Napa Valley’s Historic Wine Train will bring you from Napa to St. Helena and back on a relaxing, scenic 3-hour train ride. While you enjoy a multi-course meal (with wine, of course) you’ll watch vineyards and mountains roll by out the windows. The rail line was originally built in 1864 to bring guests from downtown Napa to the resort town of Calistoga. The train itself has the sort of feel that you´d expect from riding first class at the turn of the 20th century: plush seats, white table cloths, and Honduran mahogany paneling.
If you’re not particular about which wineries you visit but prefer not to drive, you can book an excursion that includes lunch and a visit to an iconic Napa Estate. The most popular experience is the Vista Dome, where you can enjoy a multi-course lunch or dinner with panoramic vineyard views. For more entertainment, book the Murder Mystery Dinner, where the killer is hiding subtly behind their glass of Pinot Noir.
All experiences come with California-style cuisine and a glass of wine (or two). Note that this is not a party bus – the operators of the Wine Train will kick off rambunctious groups, leaving them stranded in Napa.
Shop for Local Specialties
Napa is the largest town in the Valley. It’s small and very walkable, and over the last 180 years, it thrived as the center of local commerce. Merchants from the early Napa trading town built Victorian-style mansions around the local saloons and shopping centers (luckily, the wealth is more diversified now).
Today, things are less quaint and a little more upscale, but there are still plenty of local specialties and treats to discover on a stroll around the charming, historic downtown Napa. Just leave some room in your suitcase for souvenirs!
Shop for gourmet products in Napa
- Oxbow Market is a riverside marketplace and food hall. You can stop in for lunch from a local chef, then meander around sampling artisan chocolates, coffee, and cheeses.
- Ritual Coffee roaster. Founded in San Francisco in 2005, offers preciously roasted coffee to perk you up between tastings. Try a cup and bring home a bag of beans, or sip on your latte as you sample some of Anette’s Chocolates.
- The Olive Press. In case you didn’t make it to an olive oil tasting (see above), you can take home a bottle from The Olive Press – the most highly awarded olive producer in the US!
- Anette’s Chocolates. Anette and her brother have been making local confections with the finest ingredients for over 25 years. Their famous brittles and chocolate truffles make great gifts, or you can get a sample gift box with an assortment of Napa sweets.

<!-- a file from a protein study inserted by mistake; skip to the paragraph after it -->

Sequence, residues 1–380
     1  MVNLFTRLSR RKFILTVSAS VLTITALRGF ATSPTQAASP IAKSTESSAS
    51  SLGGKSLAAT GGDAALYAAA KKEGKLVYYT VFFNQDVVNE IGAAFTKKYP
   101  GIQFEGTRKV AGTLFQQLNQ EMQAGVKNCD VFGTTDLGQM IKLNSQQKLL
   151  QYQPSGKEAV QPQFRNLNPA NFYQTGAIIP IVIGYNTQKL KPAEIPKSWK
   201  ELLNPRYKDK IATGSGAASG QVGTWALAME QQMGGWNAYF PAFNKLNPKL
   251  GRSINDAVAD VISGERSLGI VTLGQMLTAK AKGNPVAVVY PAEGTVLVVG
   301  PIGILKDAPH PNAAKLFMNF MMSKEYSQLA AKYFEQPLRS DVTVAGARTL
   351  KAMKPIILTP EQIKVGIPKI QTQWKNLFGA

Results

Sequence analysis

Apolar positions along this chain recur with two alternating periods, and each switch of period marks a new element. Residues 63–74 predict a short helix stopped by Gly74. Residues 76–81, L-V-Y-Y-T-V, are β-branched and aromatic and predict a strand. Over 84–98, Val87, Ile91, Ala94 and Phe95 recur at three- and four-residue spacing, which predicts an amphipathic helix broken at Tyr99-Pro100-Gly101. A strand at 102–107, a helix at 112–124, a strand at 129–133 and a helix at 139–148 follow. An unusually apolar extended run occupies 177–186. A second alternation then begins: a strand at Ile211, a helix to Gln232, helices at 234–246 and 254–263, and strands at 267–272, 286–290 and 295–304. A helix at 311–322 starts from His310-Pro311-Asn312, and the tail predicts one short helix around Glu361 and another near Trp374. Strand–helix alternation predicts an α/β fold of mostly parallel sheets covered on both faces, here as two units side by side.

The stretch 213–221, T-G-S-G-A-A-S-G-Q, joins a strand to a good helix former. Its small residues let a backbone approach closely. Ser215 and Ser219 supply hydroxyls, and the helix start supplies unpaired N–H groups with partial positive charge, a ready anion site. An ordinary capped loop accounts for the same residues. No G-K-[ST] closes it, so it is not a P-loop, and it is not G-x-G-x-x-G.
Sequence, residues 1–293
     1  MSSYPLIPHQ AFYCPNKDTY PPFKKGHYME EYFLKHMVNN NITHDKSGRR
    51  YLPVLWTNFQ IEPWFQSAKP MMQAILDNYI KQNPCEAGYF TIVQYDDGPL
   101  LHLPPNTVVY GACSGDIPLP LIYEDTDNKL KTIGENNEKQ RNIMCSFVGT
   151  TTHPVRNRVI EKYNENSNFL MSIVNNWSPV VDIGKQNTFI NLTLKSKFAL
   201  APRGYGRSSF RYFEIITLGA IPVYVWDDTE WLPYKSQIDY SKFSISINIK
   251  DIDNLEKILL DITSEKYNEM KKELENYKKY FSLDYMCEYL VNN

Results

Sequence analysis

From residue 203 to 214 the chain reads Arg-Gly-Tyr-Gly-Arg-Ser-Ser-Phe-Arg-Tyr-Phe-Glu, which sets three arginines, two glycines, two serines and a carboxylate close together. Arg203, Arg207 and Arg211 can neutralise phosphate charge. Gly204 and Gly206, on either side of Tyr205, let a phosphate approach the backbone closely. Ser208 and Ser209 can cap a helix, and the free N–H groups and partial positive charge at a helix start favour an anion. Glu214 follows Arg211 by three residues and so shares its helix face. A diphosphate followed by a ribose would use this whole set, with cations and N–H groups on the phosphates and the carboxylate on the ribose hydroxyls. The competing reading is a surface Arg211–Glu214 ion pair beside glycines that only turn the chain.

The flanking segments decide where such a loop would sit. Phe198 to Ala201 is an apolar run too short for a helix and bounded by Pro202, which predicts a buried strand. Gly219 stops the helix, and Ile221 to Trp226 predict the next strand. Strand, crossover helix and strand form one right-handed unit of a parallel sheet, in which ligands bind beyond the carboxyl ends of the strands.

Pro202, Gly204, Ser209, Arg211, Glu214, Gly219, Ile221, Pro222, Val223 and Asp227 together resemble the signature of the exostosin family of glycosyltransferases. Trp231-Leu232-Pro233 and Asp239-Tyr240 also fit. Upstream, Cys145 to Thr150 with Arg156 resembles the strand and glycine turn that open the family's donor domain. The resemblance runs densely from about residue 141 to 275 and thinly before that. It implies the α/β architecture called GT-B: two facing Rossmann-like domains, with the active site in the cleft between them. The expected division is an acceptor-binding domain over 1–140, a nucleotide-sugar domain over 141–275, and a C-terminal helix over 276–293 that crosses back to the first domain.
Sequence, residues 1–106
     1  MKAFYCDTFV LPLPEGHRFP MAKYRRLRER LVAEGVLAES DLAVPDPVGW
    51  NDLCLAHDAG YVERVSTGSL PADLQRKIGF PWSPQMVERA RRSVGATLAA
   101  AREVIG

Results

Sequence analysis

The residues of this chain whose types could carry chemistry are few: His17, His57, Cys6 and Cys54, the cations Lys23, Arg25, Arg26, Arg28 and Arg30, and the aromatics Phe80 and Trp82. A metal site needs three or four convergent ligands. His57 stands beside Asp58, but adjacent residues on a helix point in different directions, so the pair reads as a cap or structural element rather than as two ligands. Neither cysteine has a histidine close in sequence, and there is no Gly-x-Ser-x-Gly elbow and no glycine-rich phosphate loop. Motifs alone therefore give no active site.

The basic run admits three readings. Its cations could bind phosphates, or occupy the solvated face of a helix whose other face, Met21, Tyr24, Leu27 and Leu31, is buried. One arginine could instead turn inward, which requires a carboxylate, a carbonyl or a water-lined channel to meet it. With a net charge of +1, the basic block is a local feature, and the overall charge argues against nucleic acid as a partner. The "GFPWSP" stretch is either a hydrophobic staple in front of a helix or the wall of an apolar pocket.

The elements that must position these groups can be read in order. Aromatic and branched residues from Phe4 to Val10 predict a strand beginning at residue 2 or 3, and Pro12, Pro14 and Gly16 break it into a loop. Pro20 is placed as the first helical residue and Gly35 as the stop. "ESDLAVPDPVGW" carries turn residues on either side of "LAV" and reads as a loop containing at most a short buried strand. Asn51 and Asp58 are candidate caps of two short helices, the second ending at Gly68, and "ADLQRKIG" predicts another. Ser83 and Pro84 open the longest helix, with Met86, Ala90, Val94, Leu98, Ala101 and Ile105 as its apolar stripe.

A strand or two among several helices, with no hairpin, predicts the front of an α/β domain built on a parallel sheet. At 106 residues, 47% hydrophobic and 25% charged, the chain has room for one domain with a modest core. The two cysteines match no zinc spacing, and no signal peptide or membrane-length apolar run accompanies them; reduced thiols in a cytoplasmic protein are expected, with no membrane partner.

- Whole Spice. If you’re working on wine tasting, pay a visit to Whole Spice and smell the spices from around the world (this is something sommeliers actually do, by the way). Imagine how cool you’ll sound the next time you’re sniffing your Cabernet…”Hmmm, I detect hints of curry and fenugreek!”
Local boutiques in Napa
Local boutique shops line First Street in downtown Napa. When you’re not exploring the wine-country chic fashion, you can easily pop into a local art gallery or wine tasting.
- Macbella. A women’s boutique with an Italian-chic mix of both European and American designers like Klaudia Karamandi and Aggi. This is the perfect place to pick up a tasteful dress for the French Laundry, or a meet the parents night.
- Kalifornia Jean Bar. Here you can perfect your California casual look with curated denim, sweats, and tee shirts for men and women. In contrast to chic Macbela, KJB has more of a Tahoe-inspired outdoors-y vibe.
- Nostalgia of Napa. It’s easy to get lost exploring the local treasures, including antique furniture and bar ware, clothing, and vintage accessories.
- Milo and Friends Pet Boutique. Don’t forget the pup! Especially after he was so patient while you’ve been away all day drinking. Milo & Friends is a (fancy) pet store that offers natural treats, California-themed toys (like this kayak), and stylish accessories like tye-dye leashes and bow ties. Instagram cats shop here, too.
Take a Cooking Class
Napa Valley cuisine is the epitome of farm-to-table. The rich agriculture of California inspires colorful, product-driven plates that will teach any meat eater to love veggies.
The access to the fresh, delicious, locally produced food — and wealthy investors — attracts the world’s best culinary talent to Northern California. So take a class from a chef to sharpen your knife skills, make homemade pasta, or even learn how to pick out the best produce at the farmer’s market.